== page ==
Thursday, May 01, 2014
NORTHAMPTON — A Hampshire Superior Court jury Wednesday found former University of Massachusetts student Weilang Wang not guilty of rape and indecent assault and battery charges resulting from an incident in his dorm room last year.
Wang, 19, was “elated and relieved,” to hear the verdict, said his defense attorney, John Connor of Greenfield.
Wang’s mother and aunt made the trip from China to support him and wept and embraced him following the verdict. Neither woman speaks English, Connor said, and were unable to follow most of the trial proceedings apart from what they could overhear from the translators.
The jury composed of 10 women and two men took about six hours to reach its verdict that Wang was not guilty of rape and three counts of indecent assault and battery. The jury deliberated for about an hour Tuesday and reached its verdict about 1:45 p.m. Wednesday.
“My opinion was, if the jury believed the complainant didn’t tell them the truth about the relationship, then they weren’t inclined to believe the rest of it,” Connor said following the jury’s verdict.
The Northwestern district attorney’s office did not immediately respond to a request seeking comment about the verdict.
Juror Stephanie Skowronek of Northampton said in a telephone interview after the verdict was announced, “I knew he wasn’t guilty. There were just things that didn’t add up.”
Skowronek said there was not enough compelling evidence presented by the prosecution to convince the jury that a non-consensual incident occurred.
Wang’s accuser was not present when the verdict was announced. It is Gazette policy not to name the victims or alleged victims of sexual assaults.
Wang, a Chinese national, was a computer science major at UMass when he called campus police the night of Feb. 19, 2013, to report that he had attempted to rape a girl. A short time later he was barred from campus.
Connor said he was not sure what Wang’s plans are now that he has been cleared of the charges. Connor added that he believes UMass should lift the trespass order against Wang.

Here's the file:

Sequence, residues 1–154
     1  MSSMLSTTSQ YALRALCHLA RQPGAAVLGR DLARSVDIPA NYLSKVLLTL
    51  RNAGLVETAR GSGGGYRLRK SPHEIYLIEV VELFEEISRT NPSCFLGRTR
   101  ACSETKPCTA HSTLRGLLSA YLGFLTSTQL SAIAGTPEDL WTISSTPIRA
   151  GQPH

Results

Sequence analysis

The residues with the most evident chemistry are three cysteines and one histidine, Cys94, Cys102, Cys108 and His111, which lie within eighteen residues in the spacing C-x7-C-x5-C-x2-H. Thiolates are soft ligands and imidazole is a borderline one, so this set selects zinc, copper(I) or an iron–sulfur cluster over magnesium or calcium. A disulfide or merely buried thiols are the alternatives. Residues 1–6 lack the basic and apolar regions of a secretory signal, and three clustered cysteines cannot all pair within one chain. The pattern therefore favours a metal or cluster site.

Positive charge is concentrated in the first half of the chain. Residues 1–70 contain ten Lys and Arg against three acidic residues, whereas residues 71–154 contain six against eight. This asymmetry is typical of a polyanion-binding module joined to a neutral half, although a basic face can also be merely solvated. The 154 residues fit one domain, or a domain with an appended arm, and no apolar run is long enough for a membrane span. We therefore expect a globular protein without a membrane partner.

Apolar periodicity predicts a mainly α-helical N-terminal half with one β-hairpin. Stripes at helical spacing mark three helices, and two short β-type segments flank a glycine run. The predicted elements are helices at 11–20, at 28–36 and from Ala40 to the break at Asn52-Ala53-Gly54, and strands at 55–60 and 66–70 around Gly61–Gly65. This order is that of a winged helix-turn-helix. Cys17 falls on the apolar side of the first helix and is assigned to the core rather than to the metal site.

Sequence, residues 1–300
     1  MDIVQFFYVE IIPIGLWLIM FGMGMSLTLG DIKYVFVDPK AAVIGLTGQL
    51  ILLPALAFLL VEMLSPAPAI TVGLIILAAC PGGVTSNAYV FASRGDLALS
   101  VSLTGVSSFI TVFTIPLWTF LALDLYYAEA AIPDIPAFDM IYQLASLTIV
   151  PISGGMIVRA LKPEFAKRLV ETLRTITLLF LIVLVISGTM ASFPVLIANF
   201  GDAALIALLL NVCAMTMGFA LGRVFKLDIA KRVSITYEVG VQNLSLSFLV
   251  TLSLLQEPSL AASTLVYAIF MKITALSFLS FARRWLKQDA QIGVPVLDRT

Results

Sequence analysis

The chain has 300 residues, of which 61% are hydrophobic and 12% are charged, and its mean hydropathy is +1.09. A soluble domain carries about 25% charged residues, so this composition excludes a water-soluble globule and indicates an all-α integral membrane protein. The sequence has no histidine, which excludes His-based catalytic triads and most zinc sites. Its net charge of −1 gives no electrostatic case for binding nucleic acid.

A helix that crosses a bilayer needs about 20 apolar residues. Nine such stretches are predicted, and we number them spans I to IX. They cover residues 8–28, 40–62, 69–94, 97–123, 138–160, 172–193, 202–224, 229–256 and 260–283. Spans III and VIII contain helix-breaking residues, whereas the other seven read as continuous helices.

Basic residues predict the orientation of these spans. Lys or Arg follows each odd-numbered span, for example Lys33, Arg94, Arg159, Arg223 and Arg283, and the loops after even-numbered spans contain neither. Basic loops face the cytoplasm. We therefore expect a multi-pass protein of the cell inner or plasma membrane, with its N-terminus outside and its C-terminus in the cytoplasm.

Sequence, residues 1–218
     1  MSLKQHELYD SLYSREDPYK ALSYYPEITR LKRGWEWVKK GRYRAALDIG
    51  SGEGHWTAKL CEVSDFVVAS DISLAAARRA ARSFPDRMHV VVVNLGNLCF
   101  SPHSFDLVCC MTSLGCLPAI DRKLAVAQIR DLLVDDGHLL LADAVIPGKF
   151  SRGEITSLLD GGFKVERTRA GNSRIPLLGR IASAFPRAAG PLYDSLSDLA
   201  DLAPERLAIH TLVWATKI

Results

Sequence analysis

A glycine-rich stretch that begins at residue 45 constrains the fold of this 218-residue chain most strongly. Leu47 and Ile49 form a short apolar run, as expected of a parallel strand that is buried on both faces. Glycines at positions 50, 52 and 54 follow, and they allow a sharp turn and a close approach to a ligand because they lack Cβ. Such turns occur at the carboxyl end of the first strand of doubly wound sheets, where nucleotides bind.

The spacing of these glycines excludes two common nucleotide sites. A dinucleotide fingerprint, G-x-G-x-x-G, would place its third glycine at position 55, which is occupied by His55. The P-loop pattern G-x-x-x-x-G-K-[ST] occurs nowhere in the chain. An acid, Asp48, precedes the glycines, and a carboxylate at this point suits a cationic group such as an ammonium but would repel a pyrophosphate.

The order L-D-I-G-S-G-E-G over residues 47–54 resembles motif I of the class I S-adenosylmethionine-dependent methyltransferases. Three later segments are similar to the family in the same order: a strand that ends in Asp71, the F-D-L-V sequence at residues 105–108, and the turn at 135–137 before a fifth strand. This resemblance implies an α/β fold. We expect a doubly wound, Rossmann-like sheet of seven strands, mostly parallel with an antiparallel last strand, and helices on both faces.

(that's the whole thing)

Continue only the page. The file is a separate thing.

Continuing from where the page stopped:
A UMass spokesman said in an interview Wednesday that if Wang, who is not now enrolled at the school, seeks to be reinstated he would go through the student code of conduct process. The university would review the matter and determine if any sanctions are appropriate.
With the aid of two Mandarin translators, Wang took the stand in his own defense during the trial, which began April 23.
Wang said he and the woman, also a Chinese student, were in a new relationship although she had a boyfriend in China. After she became upset about the prospect of her reputation being tarnished by dating two men at once and her boyfriend in China finding out, Wang testified that he and the woman created a story of a sexual assault to deflect blame from her.
“I think he virtually had no chance of prevailing unless he told his story,” Connor said. “It’s a hard thing to overcome essentially a full confession to the police that played for two hours to the jury.”
“I’ve known from the very beginning, from the first day I met Weilang, that there were cultural undercurrents that were going to be difficult for a jury here in the United States maybe to understand,” Connor said.
“It is considered, in his culture, a very, very, bad thing for a young girl to be courting two men at once,” said Connor. “And, he knew if it got out ... it could be very detrimental for her, for her reputation.”
Connor added that it was one of the more unusual cases he has tried.
Bob Dunn can be reached at firstname.lastname@example.org.